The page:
According to the Government’s GOV.UK website, if you are a company director, you have to file a tax return every year. It says that every UK company director must send in a personal self-assessment tax return annually, and that this must be done even without prompting from HM Revenue and Customs (HMRC).

HMRC took that as authority to levy £1,300 in penalties on a company director who failed to file his tax return for the year 2014-2015 until it was several months overdue. He was not a native English speaker and had received no tax return to fill in nor, until a late stage, any correspondence or reminders from HMRC that filing a return was necessary – for the simple reason that HMRC do not send them.

The man appealed against the penalties and the case came before the First-tier Tribunal (FTT). HMRC ran into a significant problem when the FTT ruled that their claim that ‘as a company director one of the appellant’s responsibilities is to register for self-assessment and send a personal self-assessment tax return each year without prompt or reminder from HMRC’ was wrong as it was not backed up by any legislative requirement to do so.

HMRC had eventually sent a notice that a tax return was expected. However, the taxpayer had moved during the relevant period and claimed that he had not received it.

The FTT accordingly cancelled the penalties.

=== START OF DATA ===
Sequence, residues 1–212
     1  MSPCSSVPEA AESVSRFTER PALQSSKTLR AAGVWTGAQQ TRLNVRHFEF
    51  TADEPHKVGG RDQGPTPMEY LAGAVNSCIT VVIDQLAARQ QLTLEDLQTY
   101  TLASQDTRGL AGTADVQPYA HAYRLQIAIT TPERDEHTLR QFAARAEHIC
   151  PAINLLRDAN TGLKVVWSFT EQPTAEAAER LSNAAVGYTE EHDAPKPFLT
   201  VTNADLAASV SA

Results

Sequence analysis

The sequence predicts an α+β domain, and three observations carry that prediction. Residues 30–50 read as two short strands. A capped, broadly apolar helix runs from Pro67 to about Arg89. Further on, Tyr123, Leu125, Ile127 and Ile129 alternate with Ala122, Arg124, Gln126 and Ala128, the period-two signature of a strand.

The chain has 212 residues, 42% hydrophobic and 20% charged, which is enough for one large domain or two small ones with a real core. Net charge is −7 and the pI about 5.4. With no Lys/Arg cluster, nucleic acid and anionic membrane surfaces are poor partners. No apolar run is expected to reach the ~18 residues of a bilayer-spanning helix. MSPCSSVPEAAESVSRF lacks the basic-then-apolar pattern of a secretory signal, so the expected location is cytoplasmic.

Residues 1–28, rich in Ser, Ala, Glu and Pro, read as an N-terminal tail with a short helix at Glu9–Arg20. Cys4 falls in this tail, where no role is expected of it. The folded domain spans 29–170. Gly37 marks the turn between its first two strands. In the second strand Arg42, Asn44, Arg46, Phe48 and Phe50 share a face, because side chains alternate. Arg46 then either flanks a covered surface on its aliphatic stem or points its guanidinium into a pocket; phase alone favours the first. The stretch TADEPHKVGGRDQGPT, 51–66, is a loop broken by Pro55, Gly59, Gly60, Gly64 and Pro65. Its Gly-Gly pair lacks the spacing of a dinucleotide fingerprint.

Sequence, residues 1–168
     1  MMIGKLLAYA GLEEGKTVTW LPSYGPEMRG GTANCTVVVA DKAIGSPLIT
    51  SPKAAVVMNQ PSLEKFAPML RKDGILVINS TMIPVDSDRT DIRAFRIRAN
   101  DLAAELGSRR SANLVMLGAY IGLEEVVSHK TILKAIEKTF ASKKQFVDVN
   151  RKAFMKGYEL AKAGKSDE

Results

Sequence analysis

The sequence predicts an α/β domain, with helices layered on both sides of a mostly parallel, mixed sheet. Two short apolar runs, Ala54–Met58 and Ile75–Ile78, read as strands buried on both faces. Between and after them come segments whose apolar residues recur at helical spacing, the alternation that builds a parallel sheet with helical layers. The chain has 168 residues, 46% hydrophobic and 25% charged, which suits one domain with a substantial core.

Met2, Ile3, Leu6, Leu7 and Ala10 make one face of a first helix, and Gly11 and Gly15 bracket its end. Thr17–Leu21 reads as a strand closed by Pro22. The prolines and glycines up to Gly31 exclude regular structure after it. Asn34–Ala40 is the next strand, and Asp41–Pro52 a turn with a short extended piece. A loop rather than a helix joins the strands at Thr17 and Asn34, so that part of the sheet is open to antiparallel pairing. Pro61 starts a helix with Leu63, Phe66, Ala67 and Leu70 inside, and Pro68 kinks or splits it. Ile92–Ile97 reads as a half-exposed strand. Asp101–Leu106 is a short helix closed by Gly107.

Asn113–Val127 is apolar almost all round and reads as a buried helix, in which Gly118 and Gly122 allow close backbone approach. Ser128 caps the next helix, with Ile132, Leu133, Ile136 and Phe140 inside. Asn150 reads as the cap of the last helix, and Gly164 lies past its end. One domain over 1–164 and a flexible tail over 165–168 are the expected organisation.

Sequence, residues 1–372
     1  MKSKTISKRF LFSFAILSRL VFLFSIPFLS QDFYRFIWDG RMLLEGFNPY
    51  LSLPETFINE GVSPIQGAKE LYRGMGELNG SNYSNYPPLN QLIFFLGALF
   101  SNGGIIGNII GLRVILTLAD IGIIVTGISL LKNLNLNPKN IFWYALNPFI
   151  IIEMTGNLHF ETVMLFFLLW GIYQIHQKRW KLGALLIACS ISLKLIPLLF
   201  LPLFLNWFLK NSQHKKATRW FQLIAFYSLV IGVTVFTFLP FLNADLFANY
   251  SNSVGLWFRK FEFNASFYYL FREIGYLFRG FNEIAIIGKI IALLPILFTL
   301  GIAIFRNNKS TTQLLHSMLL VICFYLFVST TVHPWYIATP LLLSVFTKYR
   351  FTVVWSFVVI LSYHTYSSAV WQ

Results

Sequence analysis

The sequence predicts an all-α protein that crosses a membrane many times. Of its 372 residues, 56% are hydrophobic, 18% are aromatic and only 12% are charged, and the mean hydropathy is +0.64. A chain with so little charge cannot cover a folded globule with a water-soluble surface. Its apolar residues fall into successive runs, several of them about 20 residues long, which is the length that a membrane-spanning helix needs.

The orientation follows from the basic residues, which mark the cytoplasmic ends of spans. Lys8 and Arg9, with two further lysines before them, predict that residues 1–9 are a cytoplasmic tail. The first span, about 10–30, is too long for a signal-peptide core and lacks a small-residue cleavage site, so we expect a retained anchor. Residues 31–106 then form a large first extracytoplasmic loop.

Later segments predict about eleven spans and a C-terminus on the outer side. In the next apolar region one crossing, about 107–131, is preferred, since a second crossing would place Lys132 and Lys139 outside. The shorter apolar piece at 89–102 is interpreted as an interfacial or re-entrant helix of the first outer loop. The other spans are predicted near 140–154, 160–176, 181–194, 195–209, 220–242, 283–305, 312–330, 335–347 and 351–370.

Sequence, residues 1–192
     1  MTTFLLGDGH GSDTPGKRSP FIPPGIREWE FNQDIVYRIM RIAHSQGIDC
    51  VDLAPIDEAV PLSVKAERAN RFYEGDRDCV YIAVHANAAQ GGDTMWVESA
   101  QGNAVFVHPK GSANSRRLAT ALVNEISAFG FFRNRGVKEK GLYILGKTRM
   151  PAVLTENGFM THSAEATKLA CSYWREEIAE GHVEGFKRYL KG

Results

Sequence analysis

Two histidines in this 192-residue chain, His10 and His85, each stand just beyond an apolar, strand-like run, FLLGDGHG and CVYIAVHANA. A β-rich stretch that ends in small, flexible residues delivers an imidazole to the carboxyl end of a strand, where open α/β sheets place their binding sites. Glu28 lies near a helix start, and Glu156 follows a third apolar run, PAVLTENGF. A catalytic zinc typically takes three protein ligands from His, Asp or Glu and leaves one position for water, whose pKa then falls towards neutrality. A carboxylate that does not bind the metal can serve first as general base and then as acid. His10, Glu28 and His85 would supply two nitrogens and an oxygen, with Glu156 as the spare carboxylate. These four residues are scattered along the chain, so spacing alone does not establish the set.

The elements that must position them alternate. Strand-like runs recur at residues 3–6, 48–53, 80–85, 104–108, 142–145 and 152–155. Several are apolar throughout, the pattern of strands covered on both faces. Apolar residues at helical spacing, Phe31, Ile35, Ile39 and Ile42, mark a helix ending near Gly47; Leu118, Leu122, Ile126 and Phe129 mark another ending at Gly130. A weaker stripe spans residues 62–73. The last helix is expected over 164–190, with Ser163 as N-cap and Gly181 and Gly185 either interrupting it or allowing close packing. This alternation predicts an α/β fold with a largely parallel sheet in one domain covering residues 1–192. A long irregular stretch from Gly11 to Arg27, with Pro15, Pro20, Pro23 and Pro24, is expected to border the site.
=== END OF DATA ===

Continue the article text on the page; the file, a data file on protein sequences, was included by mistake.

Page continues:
The case is particularly interesting for two reasons. Firstly, HMRC went all the way to the FTT on the basis that guidance on a government website had legal effect, which was clearly not the case in this instance. Secondly, the man asked at the hearing if he could give evidence himself via a translator. The strict procedure in such cases is that HMRC must be informed in advance so that they can bring an independent translator of their own. Notification was not given and HMRC refused to accede to his request, which seems unduly harsh.

The impression one gets is that HMRC are willing to use every trick in the book to collect what seems to be a minor penalty. One might surmise that the motivation for pursuing this case was that if they had won, they could have used the ruling to justify taking similar actions in the future.

A word of caution…the FTT ruling states explicitly that ‘if a person receives a notice to file a return he is under an obligation to file a return by the due date’. However, just because HMRC take a view on your tax matters does not mean they are right, nor does it mean that they will not seek advantage in the interpretation of the rules.


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